California’s bullet train is likely to face more environmental hurdles after a high court ruling


California’s high-speed train project is likely to continue to be buffeted by environmental challenges as a result of a decision by the state’s top court.

In a 6-1 ruling last week written by Chief Justice Tani Cantil-Sakauye, the California Supreme Court decided that federal rail law does not usurp California’s tough environmental regulation for state-owned rail projects.

The decision has broad significance, lawyers in the case said.


It clears the way for opponents of the $64-billion bullet train to file more lawsuits as construction proceeds and also allows Californians to challenge other rail uses, such as the movement of crude oil from fracking.

A federal court could later decide the matter differently, ruling that U.S. law trumps state regulation.

But lawyers in the field said they expect a similar case pending in the U.S. 9th Circuit Court of Appeals to be dismissed and expressed doubt that the U.S. Supreme Court would review last week’s ruling.

The high-speed rail line is supposed to run between San Francisco and Anaheim.

So far there have been about a half a dozen lawsuits challenging environment impact reports for two rail segments in the Central Valley. Three of the suits are still pending.

More lawsuits are expected when the rail authority finalizes plans for construction in the San Francisco Bay Area and Southern California.

The Central Valley litigation already has been unexpectedly contentious, involving farmers who lost large portions of their fields.

But legal experts expect an even bigger firestorm of lawsuits when environmental impact reports are released for the Silicon Valley and parts of Los Angeles, possibly next year. The reports will reveal where the lines will be built.

“There are likely to be a lot of people bent out of shape in those areas,” said Stuart Flashman, who has represented several groups and individuals fighting high-speed rail. “There are already threats of lawsuits involving the Angeles National Forest. It means the High-Speed Rail Authority is nowhere near out of the woods.”

Rail authority spokeswoman Lisa Marie Alley said the agency is reviewing what the Supreme Court ruling would mean for the project.

The matter of whether the bullet train project must abide by the California Environmental Quality Act has lingered for years.

In 2014, the state asked the federal Surface Transportation Board, which regulates railroads, to exempt the project from any legal injunctions that could stop construction.

The board went even further, saying that the project was exempt from state law. The decision triggered a federal lawsuit by rail opponents, the case now pending in the 9th Circuit.

The rail authority in the meantime has followed both federal and state environmental laws.

The California Supreme Court ruling came in lawsuits filed by two environmental advocacy groups — Friends of the Eel River and Californians for Alternatives to Toxics — against the North Coast Railroad Authority and the Northwestern Pacific Railroad Co., a private company that contracts with the authority.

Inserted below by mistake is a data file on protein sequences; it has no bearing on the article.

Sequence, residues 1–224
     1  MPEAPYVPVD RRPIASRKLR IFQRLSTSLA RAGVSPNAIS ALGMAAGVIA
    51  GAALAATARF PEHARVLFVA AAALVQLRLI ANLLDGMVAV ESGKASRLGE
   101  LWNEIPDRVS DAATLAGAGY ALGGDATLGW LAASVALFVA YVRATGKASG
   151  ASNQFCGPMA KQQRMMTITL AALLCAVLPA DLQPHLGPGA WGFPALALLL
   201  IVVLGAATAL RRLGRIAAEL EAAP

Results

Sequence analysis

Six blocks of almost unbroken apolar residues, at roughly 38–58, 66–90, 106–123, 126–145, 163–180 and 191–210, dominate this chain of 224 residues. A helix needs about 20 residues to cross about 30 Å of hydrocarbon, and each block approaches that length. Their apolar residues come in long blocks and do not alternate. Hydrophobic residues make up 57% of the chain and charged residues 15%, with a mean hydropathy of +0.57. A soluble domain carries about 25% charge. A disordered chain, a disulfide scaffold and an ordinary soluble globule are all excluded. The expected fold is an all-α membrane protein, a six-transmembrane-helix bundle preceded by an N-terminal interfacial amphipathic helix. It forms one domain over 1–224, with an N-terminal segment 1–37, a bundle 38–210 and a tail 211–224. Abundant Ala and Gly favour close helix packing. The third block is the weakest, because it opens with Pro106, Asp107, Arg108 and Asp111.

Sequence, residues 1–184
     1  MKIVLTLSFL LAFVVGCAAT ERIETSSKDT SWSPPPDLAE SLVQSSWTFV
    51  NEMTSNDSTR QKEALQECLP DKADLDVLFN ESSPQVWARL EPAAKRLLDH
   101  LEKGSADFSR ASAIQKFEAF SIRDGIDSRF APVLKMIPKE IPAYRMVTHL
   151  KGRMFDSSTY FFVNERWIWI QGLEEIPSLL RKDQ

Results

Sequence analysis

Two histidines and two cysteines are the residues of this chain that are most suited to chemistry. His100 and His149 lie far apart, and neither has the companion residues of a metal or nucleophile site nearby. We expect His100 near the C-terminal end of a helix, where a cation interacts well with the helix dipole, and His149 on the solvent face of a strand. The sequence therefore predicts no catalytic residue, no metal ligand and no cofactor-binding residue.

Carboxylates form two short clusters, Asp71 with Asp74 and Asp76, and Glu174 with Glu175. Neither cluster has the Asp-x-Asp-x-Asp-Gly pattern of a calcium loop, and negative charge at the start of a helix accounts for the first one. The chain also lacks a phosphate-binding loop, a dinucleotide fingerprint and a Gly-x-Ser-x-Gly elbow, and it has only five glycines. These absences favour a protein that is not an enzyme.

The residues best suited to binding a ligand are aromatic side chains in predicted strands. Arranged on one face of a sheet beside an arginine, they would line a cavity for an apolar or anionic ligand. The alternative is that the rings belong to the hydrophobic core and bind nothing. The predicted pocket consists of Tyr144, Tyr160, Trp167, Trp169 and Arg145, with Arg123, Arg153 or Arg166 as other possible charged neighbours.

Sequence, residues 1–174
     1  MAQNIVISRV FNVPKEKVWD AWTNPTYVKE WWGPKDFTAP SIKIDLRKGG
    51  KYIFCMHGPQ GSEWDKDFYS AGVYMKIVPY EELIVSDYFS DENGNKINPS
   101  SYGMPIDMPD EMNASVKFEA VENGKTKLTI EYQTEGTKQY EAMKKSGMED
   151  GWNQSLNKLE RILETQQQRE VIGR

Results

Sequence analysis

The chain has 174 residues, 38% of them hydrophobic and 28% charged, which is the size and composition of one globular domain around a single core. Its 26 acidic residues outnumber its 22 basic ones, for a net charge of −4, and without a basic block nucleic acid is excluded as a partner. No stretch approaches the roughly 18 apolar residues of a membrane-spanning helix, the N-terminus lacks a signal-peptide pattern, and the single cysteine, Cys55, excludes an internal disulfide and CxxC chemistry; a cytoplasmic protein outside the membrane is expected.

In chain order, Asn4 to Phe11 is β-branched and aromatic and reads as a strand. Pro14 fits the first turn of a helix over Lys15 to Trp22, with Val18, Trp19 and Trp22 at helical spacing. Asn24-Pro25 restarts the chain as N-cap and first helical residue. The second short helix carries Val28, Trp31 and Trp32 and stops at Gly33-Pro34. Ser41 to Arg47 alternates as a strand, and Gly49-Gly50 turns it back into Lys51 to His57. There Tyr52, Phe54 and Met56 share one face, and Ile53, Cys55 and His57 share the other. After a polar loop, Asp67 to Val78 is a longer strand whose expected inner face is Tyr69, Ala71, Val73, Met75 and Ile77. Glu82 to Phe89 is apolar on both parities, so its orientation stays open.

Mitch Stogner, executive director of the North Coast Railroad Authority, said the group has not decided whether to ask the U.S. Supreme Court to review the case.

He also said he did not know whether the High-Speed Rail Authority, which lacks standing to appeal the decision, would be inclined to help finance a fight to the high court. The High-Speed Rail Authority weighed in as a friend of the court.

State lawmakers created the North Coast Railroad Authority in 1989 to provide freight service on a 314-mile line of decayed tracks in Napa, Sonoma and Humboldt counties.

The railroad now hauls livestock feed, building materials, wood products and liquefied petroleum gas, Stogner said, on just 62 miles of the line, from Lombard to Windsor in Sonoma County.

Amy Bricker, who represented the river group in the case, said it was concerned that restarting rail operations in the Eel River canyon would pollute the wild and scenic waterway and encourage gravel mining.

But Stogner said there have been no plans to run freight through the canyon because the tracks there would be too costly to repair.

“It is a red herring,” he said

Golden Gate University Law School professor Helen Kang, who runs an environmental law clinic that represented the anti-toxics group, said the ruling means that ”you have to be able to comply with federal and state law at the same time.”

“If there is no conflict, there is no preemption,” she said.

In general, federal laws take precedence over, or preempt, state laws — a doctrine based on the Supremacy Clause of the U.S. Constitution.

In a dissent to the Supreme Court’s ruling, Justice Carol Corrigan said the majority had created a novel legal theory to get around the fact that states may not impose regulations that interrupt rail service.

The decision “will displace the longstanding supremacy of federal regulation in the area of railroad operations by allowing third party plaintiffs to thwart or delay public railroad projects,” Corrigan wrote.

UC Davis Law Professor Richard Frank said the California Supreme Court almost always decides that state laws are not preempted by federal ones, while federal courts are more likely to say the opposite.

He called last week’s ruling “very obtuse” and “turgid” and said it probably will not end the legal fight over whether federal rail regulations supersede state laws because the decision provided “little guidance to policy makers and practitioners.”

The court said that federal law trumps state law only for privately owned railroads, not those owned by California, Frank noted.

“It is going to generate more time consuming litigation,” Frank said.

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